WASHINGTON—A panel of legal experts says that a case in which federal prosecutors are demanding email data from Microsoft that resides on a server in Ireland could result in violations of the U.S. Constitution as well as international law and a variety of treaties.
In that case, Microsoft declined to provide the emails in question when served with a warrant under the terms of the Electronic Communications Privacy Act (ECPA). The company objected, saying that a warrant can’t compel the delivery of evidence outside the borders of the United States. The government is using a warrant because it doesn’t want Microsoft to tell the sender of the email about the demand for information.
Legal experts in the U.S. and in Europe say that the attempt to gain access to information held on European servers is a violation of international law in addition to an existing mutual assistance treaty already in place between the U.S. and the EU.
Panelist James Garland, a partner in the law firm of Covington & Burling, who represents Microsoft in this case, said that if the federal courts uphold the prosecutor’s demands, other nations will have a free hand to gather data from computers in the U.S. This could mean, for example, that China or Russia could sift through the data of U.S. companies within the U.S., using warrants as a pretext, and do it legally.
But the potential damage goes far beyond the threat to corporate data in the U.S. According to Michael Vatis, a partner at Steptoe & Johnson, who represents Verizon, a decision that would allow U.S. prosecutors to ignore foreign privacy rules also would erode trust in U.S. companies.
“This puts American companies at a disadvantage,” Vatis said. He noted that senior officials at the EU are expressing alarm at the potential conflict with laws in Europe.
One such official is EU Vice President Viviane Reding, who expressed her concerns in a letter to European Parliament Member Sophie in ‘t Veld, which was provided by Ms. Veld, who represents The Netherlands.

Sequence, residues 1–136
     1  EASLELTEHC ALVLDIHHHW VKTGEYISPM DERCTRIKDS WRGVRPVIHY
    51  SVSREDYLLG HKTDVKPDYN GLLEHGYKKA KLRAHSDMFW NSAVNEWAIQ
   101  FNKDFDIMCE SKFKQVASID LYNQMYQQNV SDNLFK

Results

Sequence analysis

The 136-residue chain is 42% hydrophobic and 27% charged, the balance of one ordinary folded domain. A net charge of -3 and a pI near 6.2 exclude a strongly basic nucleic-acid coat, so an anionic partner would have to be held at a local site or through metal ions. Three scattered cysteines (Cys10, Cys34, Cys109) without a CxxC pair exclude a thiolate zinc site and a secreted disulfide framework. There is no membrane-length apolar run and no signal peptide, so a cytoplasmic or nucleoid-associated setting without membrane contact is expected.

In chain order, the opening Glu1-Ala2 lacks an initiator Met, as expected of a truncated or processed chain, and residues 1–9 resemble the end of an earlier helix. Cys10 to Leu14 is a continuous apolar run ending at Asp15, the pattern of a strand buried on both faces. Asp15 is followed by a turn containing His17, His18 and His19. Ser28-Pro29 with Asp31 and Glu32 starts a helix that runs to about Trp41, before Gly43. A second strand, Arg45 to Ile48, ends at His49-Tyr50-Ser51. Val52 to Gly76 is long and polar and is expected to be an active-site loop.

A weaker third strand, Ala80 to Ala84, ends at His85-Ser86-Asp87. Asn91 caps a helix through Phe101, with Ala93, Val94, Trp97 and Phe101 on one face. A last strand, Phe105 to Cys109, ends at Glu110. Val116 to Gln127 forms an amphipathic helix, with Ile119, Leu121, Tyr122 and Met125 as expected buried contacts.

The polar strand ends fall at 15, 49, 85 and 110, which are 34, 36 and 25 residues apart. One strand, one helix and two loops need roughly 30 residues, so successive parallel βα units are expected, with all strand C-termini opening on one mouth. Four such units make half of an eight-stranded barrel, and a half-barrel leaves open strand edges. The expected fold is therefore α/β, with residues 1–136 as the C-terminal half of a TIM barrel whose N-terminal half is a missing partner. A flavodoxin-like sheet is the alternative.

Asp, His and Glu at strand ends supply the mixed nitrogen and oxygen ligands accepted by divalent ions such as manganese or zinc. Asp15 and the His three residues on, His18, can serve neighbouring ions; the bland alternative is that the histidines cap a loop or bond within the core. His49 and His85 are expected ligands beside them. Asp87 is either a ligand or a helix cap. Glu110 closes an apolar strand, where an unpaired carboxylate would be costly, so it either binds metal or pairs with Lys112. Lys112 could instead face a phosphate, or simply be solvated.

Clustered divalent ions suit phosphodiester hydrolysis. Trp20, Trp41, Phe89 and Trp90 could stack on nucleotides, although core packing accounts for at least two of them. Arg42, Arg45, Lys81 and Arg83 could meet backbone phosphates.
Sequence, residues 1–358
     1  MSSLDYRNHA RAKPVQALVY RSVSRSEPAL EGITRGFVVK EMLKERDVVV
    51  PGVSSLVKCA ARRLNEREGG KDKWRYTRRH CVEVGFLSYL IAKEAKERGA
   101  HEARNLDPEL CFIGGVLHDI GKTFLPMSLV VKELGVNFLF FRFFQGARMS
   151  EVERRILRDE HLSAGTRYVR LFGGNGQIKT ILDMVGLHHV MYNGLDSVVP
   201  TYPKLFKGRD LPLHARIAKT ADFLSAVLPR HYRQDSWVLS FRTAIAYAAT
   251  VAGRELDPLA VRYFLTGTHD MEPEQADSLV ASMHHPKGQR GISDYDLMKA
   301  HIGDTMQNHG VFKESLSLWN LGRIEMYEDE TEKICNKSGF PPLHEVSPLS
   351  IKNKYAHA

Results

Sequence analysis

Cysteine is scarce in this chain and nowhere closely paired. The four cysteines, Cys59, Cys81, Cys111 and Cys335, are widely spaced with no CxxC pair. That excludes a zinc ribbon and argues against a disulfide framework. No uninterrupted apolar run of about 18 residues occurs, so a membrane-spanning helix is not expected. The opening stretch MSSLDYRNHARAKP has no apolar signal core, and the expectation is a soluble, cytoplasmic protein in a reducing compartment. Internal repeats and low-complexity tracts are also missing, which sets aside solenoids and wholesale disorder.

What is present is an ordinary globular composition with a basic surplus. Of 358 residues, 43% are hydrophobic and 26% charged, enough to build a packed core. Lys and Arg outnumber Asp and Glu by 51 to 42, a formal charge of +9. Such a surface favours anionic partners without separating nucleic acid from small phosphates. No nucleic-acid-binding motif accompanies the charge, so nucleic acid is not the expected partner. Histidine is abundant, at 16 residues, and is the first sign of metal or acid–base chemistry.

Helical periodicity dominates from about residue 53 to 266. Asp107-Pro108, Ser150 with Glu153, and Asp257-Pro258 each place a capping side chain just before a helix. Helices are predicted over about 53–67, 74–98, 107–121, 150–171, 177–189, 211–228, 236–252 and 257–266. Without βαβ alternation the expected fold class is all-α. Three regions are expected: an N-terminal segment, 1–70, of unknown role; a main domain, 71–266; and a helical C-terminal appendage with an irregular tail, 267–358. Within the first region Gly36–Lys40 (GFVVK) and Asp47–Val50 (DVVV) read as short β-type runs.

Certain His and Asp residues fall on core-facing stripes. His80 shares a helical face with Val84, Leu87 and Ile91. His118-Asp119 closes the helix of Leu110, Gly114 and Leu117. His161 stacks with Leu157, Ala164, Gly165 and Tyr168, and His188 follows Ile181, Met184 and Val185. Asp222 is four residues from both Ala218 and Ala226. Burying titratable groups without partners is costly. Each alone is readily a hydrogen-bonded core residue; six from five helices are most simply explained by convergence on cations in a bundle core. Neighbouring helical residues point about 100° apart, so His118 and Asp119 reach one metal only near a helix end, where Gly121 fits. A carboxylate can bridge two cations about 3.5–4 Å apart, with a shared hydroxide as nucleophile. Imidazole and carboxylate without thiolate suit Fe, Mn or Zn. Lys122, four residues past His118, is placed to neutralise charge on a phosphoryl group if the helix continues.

“The [European] Commission’s concern is that the extraterritorial application of foreign laws (and orders to companies based thereon) may be in breach of international law and may impede the attainment of the protection of individuals guaranteed in the Union,” she wrote. Reding noted that the effect of the U.S. District Court magistrate order is that it bypasses existing formal procedures between the U.S. and the EU.
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“The Commission has raised this issue with the U.S. government on a number of occasions,” she wrote. So far there’s no indication that the U.S. government has responded to the concerns of the European Commission.
Meanwhile, the EU is taking action on its own. The British Parliament has recently passed a law that would allow law enforcement in the UK to serve warrants on companies with a presence in Europe for information, even if it’s regarding events outside the UK. The law is written so that British law enforcement and intelligence agencies could read foreign emails on the basis of such a warrant.
Until this case, warrants in the U.S. were held to apply to information and evidence that is within the borders of the United States. Now, the Department of Justice is presenting the theory that if the person reading the information is in the U.S., it still counts.
This problem has arisen because the ECPA allows warrants for data stored electronically and those warrants don’t have to be disclosed to the person who is the subject of the investigation. But to get to data held by a company outside the U.S., a subpoena is required and a subpoena can be disclosed to the target of the investigation so that they can object to it, go to court to have it overturned or take other action.
Because the Department of Justice wants the emails of the subject of the investigation, but doesn’t want them to find out about their inquest, they want to use a warrant. To accomplish this, the DoJ has invented the concept of a hybrid warrant that is also part subpoena. This is a novel concept that hinges on the agreement of the courts. So far a single magistrate has agreed with the government.
Complicating matters is the existence of mutual assistance treaties between the U.S. and the EU, and between the U.S. and Ireland, which is where the email data is actually located. So far there’s no indication that the prosecutors have made any attempt to utilize this existing pathway to get what they want. The reason, as explained in the government’s court documents, is that the process is difficult and it’s slow.
The bottom line is that the Department of Justice would rather violate the privacy of email users, create an unwinnable international legal conflict, strain relations between the U.S. and Europe and ruin the trust in U.S. companies instead of putting forth a little effort and following the law. The case goes to trial in the U.S. District Court for the Southern District of New York on July 31. You can assume that no matter who wins, it will be appealed.